Then in 1999 the team finally broke through. Eddie rushed for 1304 yards and was instrumental in the Titans run to the Super Bowl, gaining 391 yards from scrimmage in the three playoff games. Everybody knows about the Music City Miracle by now, but the games that followed don't get as much attention. Eddie's presence was especially felt in the second round against the Colts where he rushed for a franchise playoff record 162 yards, 68 of which came on one long touchdown run to put the Titans in a lead the Colts would not come back from. The following week the Titans beat the Jaguars, who had the league’s best regular season record, for the third time that year after sweeping them in the regular season. George’s physical, grind-it-out style was imperative in that game where McNair only threw the ball for 112 yards and an interception. Then, Super Bowl XXXIV. The Titans would fail to win this game, but it was not because of Eddie. He scored both of the Titans touchdowns in the game. He laid it all out on the field for what would be his only opportunity to play for a championship. He finished the year being named Second Team All-Pro.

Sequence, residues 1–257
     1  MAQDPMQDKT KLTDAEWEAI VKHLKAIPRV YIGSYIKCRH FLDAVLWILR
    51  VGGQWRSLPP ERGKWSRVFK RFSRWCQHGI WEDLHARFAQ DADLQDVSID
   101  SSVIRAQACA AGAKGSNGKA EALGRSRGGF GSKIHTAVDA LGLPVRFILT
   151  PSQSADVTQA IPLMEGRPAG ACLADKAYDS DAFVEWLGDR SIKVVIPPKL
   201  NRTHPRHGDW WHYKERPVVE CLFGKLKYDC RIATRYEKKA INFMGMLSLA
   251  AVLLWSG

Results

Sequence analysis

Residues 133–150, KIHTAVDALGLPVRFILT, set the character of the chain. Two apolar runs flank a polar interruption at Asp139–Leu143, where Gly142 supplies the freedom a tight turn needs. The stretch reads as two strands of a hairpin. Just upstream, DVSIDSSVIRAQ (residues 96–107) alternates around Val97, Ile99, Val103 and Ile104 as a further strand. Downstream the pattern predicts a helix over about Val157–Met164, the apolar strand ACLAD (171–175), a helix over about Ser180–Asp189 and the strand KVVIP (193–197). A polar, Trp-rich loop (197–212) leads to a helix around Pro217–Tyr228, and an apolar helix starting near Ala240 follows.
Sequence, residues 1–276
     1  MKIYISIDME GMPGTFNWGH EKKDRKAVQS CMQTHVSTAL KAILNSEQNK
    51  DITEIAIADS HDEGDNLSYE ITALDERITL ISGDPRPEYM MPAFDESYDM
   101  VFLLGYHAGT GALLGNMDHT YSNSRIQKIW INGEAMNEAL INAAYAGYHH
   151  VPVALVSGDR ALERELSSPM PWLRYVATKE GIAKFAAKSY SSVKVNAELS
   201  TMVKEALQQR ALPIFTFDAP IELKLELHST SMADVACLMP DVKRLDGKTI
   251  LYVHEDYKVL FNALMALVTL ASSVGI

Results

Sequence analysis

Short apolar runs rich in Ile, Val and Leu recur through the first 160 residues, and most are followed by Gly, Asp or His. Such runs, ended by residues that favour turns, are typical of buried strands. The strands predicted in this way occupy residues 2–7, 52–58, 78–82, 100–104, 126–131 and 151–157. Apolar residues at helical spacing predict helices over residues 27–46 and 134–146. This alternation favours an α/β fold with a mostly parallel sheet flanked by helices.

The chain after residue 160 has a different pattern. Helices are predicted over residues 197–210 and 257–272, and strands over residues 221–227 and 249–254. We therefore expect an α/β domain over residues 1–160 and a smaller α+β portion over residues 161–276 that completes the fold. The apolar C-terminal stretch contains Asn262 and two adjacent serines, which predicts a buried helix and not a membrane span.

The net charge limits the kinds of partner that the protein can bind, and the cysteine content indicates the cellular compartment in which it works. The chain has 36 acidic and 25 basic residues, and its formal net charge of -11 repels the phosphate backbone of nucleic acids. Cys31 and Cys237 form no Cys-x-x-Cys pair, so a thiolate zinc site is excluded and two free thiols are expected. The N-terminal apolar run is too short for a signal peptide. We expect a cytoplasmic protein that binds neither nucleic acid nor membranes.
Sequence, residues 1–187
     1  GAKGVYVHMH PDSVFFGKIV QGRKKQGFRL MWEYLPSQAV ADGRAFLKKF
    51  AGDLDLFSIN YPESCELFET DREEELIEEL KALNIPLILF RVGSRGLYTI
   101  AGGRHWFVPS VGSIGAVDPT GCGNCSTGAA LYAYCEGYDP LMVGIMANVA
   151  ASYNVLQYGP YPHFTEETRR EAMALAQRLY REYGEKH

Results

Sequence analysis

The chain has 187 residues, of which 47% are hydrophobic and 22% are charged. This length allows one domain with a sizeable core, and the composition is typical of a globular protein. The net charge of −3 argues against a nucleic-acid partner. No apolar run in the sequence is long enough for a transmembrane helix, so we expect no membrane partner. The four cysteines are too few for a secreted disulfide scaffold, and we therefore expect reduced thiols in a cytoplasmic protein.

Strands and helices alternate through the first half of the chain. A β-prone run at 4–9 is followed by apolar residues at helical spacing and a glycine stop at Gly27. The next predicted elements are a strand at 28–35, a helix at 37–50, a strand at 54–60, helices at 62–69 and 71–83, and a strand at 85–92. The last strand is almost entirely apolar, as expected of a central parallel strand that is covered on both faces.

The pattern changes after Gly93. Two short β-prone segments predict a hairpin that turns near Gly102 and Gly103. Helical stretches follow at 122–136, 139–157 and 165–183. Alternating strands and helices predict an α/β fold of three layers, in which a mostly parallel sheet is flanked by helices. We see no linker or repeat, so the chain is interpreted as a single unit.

While that would be as far as Eddie would go in the postseason, his regular seasons remained a testament to his trademark toughness. He rushed for over 1000 yards every season but one in Tennessee, a 2001 campaign hampered by ankle and toe injuries. Yet he played through it, stalwart in his dedication to his team and to his craft. He would go on to be named All-Pro once more in 2000, this time as a First Team member. But after the 2003 season, after dealing with more and mounting ankle and foot injuries, Eddie was released by Bud Adams. They could not come to an agreement about a contract restructuring, so George opted to leave. He signed a one year, $1.5M contract with Dallas, a decision he would later say he regretted. He only started 8 games for them in relief of injured starter Julius Jones. He would go on to officially retire in 2006.